But in the middle of cities, where congestion occurs, buses slow down in traffic jams and become unreliable. That means people have less faith in the bus system and are less inclined to use it. This is bad.

So how is that remedied?

By prioritising the bus, says Higashide, who told an interviewer: “That’s a basic equity issue. Are you going to prioritise the 40 or 70 people on the bus? Or are you going to treat them the same as the cars that are carrying one or two or maybe three people?” 

This requires a change of mindset and is a more difficult challenge than providing more buses (I almost wrote ‘simply providing more buses’, but I caught myself just in time.) A quick jaunt by car around the city is enough to assure you that most other car drivers believe the entire transport infrastructure of the nation is in place to facilitate them on an individual basis, not to provide a framework for the nation at large.

As a result, paying attention to the bus as the workhorse of commuting and urban transport, as noted above, means prioritising it through dedicated bus lanes around the city.

Again, see (further) above — specifically the increase in dedicated bus lanes from the current 14 km to 100 km.

Can we go further, though? For instance, should bus travel be free in the city?

This is not as outlandish as it sounds. Paris commissioned a study a couple of years ago investigating the possibility of free public transport within the city: making such travel free for those under 18 from last September is seen as the first step in that direction.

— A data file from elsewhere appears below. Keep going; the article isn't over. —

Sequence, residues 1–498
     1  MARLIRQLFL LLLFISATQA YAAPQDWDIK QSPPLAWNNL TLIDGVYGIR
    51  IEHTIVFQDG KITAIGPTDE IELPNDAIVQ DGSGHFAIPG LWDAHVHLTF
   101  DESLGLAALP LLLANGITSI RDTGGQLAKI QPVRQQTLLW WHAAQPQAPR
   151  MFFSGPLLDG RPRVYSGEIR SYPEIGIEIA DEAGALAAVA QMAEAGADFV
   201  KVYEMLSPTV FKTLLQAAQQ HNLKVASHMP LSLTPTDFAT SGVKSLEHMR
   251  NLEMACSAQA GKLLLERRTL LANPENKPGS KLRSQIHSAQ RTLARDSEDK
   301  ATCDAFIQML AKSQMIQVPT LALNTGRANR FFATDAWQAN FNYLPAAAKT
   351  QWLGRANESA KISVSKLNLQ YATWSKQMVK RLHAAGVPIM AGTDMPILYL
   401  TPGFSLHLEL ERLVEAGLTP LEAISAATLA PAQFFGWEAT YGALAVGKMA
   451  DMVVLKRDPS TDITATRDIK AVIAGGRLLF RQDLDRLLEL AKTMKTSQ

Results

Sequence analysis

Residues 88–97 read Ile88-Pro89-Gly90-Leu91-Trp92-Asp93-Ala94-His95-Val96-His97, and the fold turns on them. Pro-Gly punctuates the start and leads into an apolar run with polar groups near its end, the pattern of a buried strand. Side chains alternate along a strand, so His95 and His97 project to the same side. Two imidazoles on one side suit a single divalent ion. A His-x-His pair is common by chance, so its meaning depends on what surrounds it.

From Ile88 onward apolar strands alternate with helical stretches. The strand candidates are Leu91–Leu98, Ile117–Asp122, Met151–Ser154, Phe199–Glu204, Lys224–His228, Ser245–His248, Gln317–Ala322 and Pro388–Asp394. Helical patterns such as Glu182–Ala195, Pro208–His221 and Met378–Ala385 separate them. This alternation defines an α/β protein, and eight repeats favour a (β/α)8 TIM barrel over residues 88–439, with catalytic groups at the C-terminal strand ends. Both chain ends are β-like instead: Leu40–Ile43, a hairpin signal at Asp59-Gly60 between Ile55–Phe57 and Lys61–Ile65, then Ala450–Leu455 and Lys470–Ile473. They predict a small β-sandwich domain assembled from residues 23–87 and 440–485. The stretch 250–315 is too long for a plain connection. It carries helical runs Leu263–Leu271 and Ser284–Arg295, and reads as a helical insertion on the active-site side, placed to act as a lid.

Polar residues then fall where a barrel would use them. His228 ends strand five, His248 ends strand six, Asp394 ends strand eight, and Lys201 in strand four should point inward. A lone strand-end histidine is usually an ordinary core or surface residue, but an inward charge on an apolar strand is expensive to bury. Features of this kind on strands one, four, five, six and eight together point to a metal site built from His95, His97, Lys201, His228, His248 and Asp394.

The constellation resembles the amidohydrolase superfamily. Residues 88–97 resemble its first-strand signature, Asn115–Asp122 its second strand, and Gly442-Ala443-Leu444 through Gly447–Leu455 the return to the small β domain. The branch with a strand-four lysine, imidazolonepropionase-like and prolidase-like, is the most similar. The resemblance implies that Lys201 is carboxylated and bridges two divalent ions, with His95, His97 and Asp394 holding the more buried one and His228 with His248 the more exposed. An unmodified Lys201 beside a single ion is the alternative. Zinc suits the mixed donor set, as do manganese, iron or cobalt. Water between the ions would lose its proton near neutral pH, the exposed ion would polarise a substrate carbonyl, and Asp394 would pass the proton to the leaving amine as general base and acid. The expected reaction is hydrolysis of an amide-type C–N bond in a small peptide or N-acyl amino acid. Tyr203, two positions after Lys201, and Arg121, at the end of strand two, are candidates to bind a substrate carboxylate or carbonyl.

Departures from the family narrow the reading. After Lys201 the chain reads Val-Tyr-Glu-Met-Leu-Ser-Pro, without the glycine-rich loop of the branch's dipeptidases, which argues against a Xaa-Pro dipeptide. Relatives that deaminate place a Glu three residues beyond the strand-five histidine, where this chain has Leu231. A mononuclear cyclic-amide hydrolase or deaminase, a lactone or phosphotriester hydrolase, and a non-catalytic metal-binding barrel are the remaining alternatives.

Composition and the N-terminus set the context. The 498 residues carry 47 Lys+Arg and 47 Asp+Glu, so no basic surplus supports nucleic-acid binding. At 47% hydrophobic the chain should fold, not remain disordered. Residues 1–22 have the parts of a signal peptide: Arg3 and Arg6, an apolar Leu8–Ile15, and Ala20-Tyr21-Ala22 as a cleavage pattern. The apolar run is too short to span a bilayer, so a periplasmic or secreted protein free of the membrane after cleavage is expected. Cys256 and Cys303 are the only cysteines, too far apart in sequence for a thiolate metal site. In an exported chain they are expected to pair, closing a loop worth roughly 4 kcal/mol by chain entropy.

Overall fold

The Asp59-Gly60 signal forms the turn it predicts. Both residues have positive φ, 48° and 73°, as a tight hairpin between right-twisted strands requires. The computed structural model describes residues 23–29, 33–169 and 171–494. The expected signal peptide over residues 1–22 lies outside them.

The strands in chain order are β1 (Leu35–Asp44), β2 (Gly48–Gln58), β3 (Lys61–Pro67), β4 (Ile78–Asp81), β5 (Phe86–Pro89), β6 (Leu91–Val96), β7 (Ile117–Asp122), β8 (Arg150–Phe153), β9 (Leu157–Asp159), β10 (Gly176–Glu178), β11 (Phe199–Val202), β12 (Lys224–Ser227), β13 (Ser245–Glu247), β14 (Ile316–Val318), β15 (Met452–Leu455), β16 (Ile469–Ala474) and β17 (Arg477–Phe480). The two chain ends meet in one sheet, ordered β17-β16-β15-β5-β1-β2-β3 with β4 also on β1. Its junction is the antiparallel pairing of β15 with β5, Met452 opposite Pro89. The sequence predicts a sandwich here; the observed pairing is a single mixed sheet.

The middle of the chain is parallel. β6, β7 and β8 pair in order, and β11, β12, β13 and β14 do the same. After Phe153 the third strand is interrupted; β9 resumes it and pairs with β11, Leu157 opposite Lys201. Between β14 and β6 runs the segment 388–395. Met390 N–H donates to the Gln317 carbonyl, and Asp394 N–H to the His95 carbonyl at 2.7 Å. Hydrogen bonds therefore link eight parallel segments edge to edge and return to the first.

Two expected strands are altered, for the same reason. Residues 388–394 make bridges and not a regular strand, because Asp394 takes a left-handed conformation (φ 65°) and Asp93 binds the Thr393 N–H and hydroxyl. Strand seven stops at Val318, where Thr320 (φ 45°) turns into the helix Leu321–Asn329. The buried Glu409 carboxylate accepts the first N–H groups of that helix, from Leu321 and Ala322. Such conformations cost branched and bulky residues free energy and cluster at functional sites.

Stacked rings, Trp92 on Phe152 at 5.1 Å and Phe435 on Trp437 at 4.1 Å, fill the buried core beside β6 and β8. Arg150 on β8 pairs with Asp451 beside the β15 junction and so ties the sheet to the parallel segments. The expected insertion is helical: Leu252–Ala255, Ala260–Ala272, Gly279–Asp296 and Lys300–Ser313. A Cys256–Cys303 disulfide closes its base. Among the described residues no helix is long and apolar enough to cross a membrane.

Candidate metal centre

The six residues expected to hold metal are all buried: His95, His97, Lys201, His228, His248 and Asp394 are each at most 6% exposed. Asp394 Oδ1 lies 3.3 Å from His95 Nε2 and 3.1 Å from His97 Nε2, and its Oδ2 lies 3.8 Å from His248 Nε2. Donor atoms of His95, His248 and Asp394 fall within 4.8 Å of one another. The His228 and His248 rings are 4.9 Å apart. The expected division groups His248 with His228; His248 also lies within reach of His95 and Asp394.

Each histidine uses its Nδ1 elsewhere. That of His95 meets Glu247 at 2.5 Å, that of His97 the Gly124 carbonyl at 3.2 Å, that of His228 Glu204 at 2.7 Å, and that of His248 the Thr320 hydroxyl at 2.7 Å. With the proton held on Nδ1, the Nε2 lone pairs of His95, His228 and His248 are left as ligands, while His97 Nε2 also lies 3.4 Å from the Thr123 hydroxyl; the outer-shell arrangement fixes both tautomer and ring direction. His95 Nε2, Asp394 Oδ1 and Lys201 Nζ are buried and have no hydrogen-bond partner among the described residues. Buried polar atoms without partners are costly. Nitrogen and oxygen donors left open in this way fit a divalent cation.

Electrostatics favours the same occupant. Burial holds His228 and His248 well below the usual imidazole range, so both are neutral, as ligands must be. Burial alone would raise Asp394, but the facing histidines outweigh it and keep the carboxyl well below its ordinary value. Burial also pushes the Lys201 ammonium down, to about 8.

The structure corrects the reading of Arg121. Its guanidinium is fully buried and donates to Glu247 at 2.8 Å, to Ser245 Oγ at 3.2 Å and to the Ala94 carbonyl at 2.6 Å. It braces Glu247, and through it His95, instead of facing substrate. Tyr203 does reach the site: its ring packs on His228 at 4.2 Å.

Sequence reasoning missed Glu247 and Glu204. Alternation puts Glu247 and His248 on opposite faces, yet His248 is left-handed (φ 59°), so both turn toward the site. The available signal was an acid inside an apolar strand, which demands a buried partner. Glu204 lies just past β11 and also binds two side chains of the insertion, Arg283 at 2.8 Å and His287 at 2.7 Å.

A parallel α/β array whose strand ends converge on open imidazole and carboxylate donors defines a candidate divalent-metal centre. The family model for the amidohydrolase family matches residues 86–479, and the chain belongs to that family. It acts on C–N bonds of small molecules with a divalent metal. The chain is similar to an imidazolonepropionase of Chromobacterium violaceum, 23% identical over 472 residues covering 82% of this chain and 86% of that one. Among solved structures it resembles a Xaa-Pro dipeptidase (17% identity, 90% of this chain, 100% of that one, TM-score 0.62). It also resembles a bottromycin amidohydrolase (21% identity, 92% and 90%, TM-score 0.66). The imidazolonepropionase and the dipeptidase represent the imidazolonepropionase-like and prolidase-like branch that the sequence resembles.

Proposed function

Travel has been free on public transport in Tallinn in Estonia since 2013 and a couple of years ago the Estonians decided to extend the free service to many regional routes.

The fine print is interesting: on the plus side non-residents of Tallinn and tourists have to pay for public transport, which generates revenue, while there are obvious benefits in terms of social mobility and increased use of the services — because they’re free more people are using them.

The downside is lack of revenue from ticket sales and increased use of the services — because they’re free more people are using them, which can lead to overcrowding and delays.

Yet if lessons could be learned from the Estonian experience — here’s one person who wouldn’t carp if officials were sent on a fact-finding mission there once it’s safe to do so — then consider the potential impact of free public transport in Cork.

Removing the necessity to plan your parking trip would surely drive more people to visit the city centre, while not having to budget for bus expenses would be a welcome financial relief for many commuting into, out of and across the city, freeing up a considerable amount of money for spending ... in the city, maybe?

One of the possible bus priority lanes on Summerhill North as part of the CMATS which could increase dedicated bus lanes from the current 14km to 100km.

One of the possible bus priority lanes on Summerhill North as part of the CMATS which could increase dedicated bus lanes from the current 14km to 100km.

There are more questions to be answered. The shape of public transport after the pandemic — during the pandemic, indeed — is hard to guess at this point. The potential for problems from building a train line from Ballincollig to Mahon could give an aspirin a headache.

But at least those revamping public transport in Cork are dealing with a population well disposed towards the bus in particular.

Think of how the Luas is depicted in popular culture and your mind drifts to the cast of The Commitments sprawled across a carriage, warbling morosely.

Then think of how the buses of Cork are depicted and your mind drifts to The Young Offenders and a busload of passengers singing 'After All' by the Frank And Walters.

All aboard.